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Making Room for the Less Sad Moments in Times of Grief

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You think you know who is going to die next… are almost sure. I mean, she’s been sick in one way or another most of her life. And the latest ICU stay was going to be the end. It really was. But then she rallied. Mom bounced back for the 34th time, like a cat forgetting their limit is nine. And don’t get me wrong. I am thankful for that.

But this death — this one that never happened, I was prepared for. I’ve been in the “preparing stage” for years.

But Joanne — Joanne only had the flu. Joanne was 24. Joanne, who had married my nephew just eight months ago, well, how did she qualify to need a medical helicopter? And sepsis? This doesn’t make any sense.

Healthy and strong to gone. In less than a week.

The flu. Sepsis. Gone.

This death — this one that did happen? This death I was not prepared for.

An insidious cruelty lies beneath the surface, or maybe it rather hangs above, obvious, like a storm cloud about to lash down its assault again.

You see, my sister lost her husband when she was 29 — Dustin’s dad, Steve. Dustin was three at the time.

And now, at the age of 26, my nephew Dustin’s lost his even younger bride.

My sister Linda a young widow; her son Dustin a young widower.

Jo died on January 6 (two days ago at the time of this writing). I was on the phone with my sister as she sat in the ICU waiting room and was then called to her daughter-in-law Joanne’s dying. It was too late.

Five or maybe two minutes later my phone dinged.

“She’s gone.”

Living on a different continent, all I could offer was to make calls.

Trying to stop the stream of tears was futile.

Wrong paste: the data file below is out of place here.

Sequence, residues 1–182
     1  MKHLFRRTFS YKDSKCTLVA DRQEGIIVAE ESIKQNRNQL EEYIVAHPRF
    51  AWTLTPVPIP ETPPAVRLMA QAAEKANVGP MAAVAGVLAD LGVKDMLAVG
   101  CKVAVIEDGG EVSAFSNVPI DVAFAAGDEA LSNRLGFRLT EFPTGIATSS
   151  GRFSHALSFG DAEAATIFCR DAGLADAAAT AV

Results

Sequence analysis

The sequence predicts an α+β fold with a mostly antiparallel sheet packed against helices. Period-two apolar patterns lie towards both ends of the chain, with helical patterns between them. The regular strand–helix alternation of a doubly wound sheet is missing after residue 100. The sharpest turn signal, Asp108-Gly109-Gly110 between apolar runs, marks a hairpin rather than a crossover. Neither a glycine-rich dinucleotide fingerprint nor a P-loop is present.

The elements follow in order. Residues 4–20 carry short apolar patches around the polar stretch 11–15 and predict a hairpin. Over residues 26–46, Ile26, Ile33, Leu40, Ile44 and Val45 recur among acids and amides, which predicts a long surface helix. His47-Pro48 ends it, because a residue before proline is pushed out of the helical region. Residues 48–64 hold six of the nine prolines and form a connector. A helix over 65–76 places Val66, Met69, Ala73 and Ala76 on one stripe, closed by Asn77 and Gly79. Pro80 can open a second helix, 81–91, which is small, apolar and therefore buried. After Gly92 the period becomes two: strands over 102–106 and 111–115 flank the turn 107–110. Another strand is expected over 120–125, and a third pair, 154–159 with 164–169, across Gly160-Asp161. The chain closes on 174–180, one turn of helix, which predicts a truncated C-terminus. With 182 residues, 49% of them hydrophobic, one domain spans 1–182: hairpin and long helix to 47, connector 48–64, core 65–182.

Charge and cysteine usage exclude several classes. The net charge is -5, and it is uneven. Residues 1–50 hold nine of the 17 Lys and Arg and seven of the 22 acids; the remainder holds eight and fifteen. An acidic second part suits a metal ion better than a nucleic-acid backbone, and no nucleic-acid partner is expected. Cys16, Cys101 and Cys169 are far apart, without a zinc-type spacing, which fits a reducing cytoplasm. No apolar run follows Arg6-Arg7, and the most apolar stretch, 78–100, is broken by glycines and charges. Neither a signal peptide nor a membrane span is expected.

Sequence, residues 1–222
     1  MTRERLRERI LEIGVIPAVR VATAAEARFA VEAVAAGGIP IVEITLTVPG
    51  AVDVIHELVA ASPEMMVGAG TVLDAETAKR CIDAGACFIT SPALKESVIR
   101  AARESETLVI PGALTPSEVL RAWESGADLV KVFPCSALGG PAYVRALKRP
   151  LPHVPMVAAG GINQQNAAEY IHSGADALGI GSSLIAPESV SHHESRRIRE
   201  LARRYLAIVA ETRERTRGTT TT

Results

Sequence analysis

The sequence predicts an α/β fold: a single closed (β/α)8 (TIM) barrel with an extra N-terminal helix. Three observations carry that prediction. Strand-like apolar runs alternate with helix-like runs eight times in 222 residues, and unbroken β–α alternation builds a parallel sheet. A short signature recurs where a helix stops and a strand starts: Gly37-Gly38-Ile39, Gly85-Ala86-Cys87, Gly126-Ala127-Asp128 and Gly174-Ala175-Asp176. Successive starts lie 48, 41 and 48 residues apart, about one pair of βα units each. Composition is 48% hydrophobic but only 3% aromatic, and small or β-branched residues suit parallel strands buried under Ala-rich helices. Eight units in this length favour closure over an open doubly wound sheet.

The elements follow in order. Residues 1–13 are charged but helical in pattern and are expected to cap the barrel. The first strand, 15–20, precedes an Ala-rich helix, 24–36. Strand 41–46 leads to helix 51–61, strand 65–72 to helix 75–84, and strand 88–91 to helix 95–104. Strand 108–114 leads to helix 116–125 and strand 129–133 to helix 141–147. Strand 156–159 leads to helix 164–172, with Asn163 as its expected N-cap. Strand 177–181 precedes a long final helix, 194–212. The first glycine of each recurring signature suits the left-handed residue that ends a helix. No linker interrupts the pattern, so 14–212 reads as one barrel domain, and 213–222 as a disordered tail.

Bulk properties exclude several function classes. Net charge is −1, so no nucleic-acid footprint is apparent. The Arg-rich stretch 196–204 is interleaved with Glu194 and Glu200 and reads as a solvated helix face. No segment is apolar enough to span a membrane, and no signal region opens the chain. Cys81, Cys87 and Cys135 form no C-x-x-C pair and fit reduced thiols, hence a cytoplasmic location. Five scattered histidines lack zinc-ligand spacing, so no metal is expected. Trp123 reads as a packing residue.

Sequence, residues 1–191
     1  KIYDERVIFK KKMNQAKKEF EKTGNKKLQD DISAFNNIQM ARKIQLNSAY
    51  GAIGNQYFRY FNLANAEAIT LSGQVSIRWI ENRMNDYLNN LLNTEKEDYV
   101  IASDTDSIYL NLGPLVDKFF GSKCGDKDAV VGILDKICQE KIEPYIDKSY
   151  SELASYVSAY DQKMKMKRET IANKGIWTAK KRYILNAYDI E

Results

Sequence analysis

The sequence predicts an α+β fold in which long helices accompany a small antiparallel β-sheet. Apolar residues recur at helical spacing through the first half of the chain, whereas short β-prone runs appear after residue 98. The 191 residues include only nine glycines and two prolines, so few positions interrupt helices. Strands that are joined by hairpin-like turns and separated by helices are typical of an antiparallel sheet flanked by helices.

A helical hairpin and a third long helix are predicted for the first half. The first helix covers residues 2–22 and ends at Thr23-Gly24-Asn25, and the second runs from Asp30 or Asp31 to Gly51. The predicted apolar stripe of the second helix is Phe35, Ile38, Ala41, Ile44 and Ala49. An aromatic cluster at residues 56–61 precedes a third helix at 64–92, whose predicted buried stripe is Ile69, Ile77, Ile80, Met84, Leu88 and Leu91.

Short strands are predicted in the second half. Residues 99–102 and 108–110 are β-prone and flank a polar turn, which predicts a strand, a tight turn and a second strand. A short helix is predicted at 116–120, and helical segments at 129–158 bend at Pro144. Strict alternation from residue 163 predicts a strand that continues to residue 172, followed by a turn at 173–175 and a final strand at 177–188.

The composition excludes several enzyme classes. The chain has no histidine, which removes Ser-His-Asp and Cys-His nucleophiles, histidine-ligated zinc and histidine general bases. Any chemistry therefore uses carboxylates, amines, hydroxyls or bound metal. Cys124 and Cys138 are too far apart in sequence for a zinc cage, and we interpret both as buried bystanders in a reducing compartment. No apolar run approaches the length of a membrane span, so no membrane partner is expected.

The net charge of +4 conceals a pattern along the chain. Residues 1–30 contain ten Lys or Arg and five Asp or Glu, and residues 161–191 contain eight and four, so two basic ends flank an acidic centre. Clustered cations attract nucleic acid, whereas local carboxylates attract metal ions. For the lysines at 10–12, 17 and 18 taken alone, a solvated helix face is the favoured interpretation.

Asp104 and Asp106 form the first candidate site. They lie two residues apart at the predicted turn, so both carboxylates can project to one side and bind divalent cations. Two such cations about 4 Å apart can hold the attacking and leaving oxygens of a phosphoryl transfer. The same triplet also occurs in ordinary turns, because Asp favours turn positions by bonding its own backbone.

I picked up the phone.

First Dad and Mom.

Then, Dustin’s paternal grandmother, Carol; the woman I watched shatter into a million bloody shards when she lost her son years ago, who has since had to glue those shards back together, piece by piece. I think she probably still holds the glue bottle in her hand.

And now Joanne’s mom must do the same impossible and relentless task after losing her daughter.

I call Dustin’s grandmother and say, “Carol, it’s Susie.”

It was 6 am Manitoba time. I could hear the unspoken question in her voice as her brain sparked to life.


“Yes. I’m calling with bad news.”

The phone started growling a low-toned beep.


“Don, I just told Carol I was calling with bad news and the phone died!”

“No! Suse it didn’t!” Don ran.

I shouldn’t actually quote him so precisely. I don’t remember what he said. I just know he responded with the weight of the cruel timing and then ran. The thing is… it feels cruel
because she was left hanging as to how bad the news was and who it was about. But in reality, the imagined might have been less cruel than the truth. I could offer no, “…but it’s gonna be OK.”

I cough, full of cold.

I try dialing again.

More growls.

I internet call on my mobile.

No answer.

Don throws another house phone to me as I half-sit, half-lay under the duvet.

The gap between the growling and the second “Hello” is endless. About 45 seconds of guilt-filled horror.

“I don’t know what happened! The phone quit working. I’m so sorry.”

“I don’t know either, but then I lost the phone in the bed.” she said, with one single chuckling sound. Maybe. It’s what I would’ve done. Again, I don’t trust my memory.

“Well I’m not sure if you knew, but Joanne had the flu and went septic last night and they flew her from Boundary Trails to St. Boniface at about two this morning and… she didn’t make it. She’s gone.”

“Dustin’s Joanne?”

She knows. But shock. Shock makes us ask obvious and dumb questions. It’s trying to protect us from the truth, but is inadequate long term.